What motivates doctors?

In a previous year, I wrote about why there are motivations for going through medical education in North America despite the high costs…

While preparing a slideshow about deep brain stimulation (DBS) as a treatment for dystonia patients, for a bioengineering course, I was reminded that doctors are often rewarded when they see clinical improvement in their patients.

A 7-year-old child with genetic dystonia, who was unable to feed herself or stand up erect, received a DBS implant in 2009. At the 1 year mark, she had improved 91.2% in motor skills.

Visually illustrated:

7-year-old standing erect after deep brain stimulation

Wouldn’t you be touched if you saw this happen?

Last month, a video of Joanne Milne, a hearing-impaired woman who was able to hear clearly the days of the week for the first time, went viral online:

I’d like to think that compassion remains alive and that humans are still innately good creatures.

Jin, S. T., Lee, M. K., Ghang, J. Y. & Jeon, S. M. Deep Brain Stimulation of the Globus Pallidus in a 7-Year-Old Girl with DYT1 Generalized Dystonia. J Korean Neurosurg Soc 52, 261-263 (2012). doi: 10.3340/jkns.2012.52.3.261

Happy New Year!

It’s the end of another year and the end of a ground-breaking decade. Let’s look back at what’s been accomplished in the years of 2000–2009, focusing on technology.


Windows has entered a new era

The decade—indeed, the century—began with Windows 2000, which I consider the first great version of the operating system. XP was the version that brought widespread success, and people just seem to refuse to upgrade; even today, almost three quarters of the computers on the net are on XP.

Despite the dismal failure of Windows Vista, it too brought change, which was followed by the enhancements of Windows 7. Compare my desktop today to the ugly screens of a decade ago:

Microsoft Store
Windows 98 desktop screenshot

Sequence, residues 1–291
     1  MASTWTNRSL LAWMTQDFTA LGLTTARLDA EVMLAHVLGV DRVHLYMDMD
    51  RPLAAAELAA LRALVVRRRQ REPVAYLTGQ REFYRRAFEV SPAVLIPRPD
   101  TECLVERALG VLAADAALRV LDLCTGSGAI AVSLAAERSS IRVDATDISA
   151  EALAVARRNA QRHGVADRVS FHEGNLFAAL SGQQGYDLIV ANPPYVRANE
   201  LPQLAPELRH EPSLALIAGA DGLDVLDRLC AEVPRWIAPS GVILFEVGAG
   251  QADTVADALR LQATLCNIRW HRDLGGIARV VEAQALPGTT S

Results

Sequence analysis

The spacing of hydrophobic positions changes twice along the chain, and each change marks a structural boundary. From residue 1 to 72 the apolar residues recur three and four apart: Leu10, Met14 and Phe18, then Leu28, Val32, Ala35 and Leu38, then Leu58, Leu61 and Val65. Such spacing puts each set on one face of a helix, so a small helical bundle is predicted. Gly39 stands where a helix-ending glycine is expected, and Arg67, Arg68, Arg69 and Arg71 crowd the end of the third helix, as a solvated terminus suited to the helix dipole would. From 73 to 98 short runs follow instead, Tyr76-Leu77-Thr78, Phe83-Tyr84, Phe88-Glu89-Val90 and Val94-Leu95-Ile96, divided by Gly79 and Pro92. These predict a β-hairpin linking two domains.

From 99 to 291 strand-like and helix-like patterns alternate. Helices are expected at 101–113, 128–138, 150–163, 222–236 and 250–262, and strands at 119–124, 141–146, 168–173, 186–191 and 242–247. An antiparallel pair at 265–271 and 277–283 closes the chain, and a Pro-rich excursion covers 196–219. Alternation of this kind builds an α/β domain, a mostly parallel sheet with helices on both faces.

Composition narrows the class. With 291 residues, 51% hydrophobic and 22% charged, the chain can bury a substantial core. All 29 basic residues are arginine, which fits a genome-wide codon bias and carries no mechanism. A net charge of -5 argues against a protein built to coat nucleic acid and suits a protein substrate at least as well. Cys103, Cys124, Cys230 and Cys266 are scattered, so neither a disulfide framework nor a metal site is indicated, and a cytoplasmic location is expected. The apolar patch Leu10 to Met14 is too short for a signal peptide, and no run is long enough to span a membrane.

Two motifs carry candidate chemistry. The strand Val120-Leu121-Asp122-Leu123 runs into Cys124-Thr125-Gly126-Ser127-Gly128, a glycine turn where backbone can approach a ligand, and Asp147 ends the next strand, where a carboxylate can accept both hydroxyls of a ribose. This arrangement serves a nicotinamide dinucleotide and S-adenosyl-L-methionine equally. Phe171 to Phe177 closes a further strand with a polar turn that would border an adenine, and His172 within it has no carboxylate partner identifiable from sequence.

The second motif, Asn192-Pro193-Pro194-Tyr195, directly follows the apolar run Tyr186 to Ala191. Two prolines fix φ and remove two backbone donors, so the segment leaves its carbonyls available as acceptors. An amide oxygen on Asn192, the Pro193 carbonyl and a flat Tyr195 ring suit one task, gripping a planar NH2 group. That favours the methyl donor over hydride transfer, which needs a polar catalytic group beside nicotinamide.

Apple deserves an honourable mention for the ground-breaking work they’ve done on the Mac, elevating it to a newly trendy status.

Portable media players have completely changed

A decade ago, CD players and tape-based Walkmans were still the norm for ‘portable’ audio players. The iPod, launched in 2001, entirely changed the game. (I suppose this and the iPhone were the “comeback of the decade”.) It was no longer a device that played removable media. That was followed by thousands of other portable media players, to which the public generally refers inaccurately as “MP3 players”, reflecting the popularity of the 15-year-old MP3 format that has also been notorious for illegal file sharing (see below).

Cell phones and mobile devices have become ubiquitous

These devices used to be ugly, huge and heavy objects. As we move into 2010, cell phones have become more compact (usually this means thinner and lighter) and more powerful.

In China, about 739 million people have cell phones; that’s more than there are Internet users in China (which is about 360 million).

Mobile devices have become truly powerful. The iPhone, purportedly the most popular cell phone of 2009, is one of the biggest platforms for software development. And it has a touch screen. RIM’s BlackBerry, initially launched in 1999, is the most popular smartphone among business users.

Ordinary people begin to embrace ultra-portable netbooks for lightweight computing. The move to mobile is probably the most noticeable trend in end-user gadgetry in this decade.
Continue reading “Happy New Year!”